an eight-legged mecha.

While it is pretty to look at its Neo Tokyo

aesthetic, this whitewashed and ultimately Americanized

live-action adaptation of the beloved

cyberpunk anime over-explains the narrative with

dumbed down meditations on the mind, social

unrest and future shock.

Fortunately, once your body is robotic you can

eat cured meats again.


The key to raising a gifted child is selling them to

science before you get too attached.

Unfortunately, the mother in this dramedy died

before getting her payday.

Frank (Chris Evans) gallantly accepts guardianship

of his niece Mary (Mckenna Grace) after her

mother’s death. Like her mathematician mother,

Mary has no trouble solving her first grade teacher’s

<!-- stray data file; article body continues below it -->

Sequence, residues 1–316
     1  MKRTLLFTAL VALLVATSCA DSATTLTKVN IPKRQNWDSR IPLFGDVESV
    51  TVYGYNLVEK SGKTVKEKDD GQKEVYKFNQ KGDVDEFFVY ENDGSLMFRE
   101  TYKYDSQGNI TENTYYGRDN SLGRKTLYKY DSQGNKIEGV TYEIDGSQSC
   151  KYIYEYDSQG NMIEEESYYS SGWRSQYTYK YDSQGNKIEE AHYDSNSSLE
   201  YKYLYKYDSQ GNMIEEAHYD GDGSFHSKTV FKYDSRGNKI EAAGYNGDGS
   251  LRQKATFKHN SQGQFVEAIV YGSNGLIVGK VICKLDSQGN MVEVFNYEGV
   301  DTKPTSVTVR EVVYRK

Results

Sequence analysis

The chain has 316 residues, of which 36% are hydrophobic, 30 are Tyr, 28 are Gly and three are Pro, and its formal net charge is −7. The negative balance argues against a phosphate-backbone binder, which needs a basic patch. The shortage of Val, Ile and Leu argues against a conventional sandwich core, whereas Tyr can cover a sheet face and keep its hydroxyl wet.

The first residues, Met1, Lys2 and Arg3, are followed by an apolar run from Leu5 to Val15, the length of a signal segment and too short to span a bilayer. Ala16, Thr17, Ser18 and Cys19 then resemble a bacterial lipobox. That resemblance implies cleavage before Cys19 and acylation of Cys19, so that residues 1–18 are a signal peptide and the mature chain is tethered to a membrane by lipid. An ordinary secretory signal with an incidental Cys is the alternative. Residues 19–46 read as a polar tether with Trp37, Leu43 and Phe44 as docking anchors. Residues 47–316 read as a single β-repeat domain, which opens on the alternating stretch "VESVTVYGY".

(Jenny Slate) rudimentary math problems –

and she let’s her know it.

Mary’s air of superiority soon lands her in

trouble. Luckily her talent with formulas finds her

grandmother (Lindsay Duncan) taking an invested

interest in her. So much so, she sues Frank for


A paints-by-numbers prodigy anecdote that

strokes its brush well within the lines, this charming

but predictable squabble only succeeds thanks

to its leads who bring humanity to this glorified

custody battle.

Incidentally, the best way to knock a know-it-all

math genius down a few pegs is with gym.

Kong: Skull Island

The most exciting aspect of finding a giant monkey

is all the cosmetic testing you can conduct on it.

Fortunately, the simian in this adventure picture

isn’t wearing any mascara yet.

Dispatched by the military to map out Skull

Island, Lt. Colonel Packard (Samuel L. Jackson), a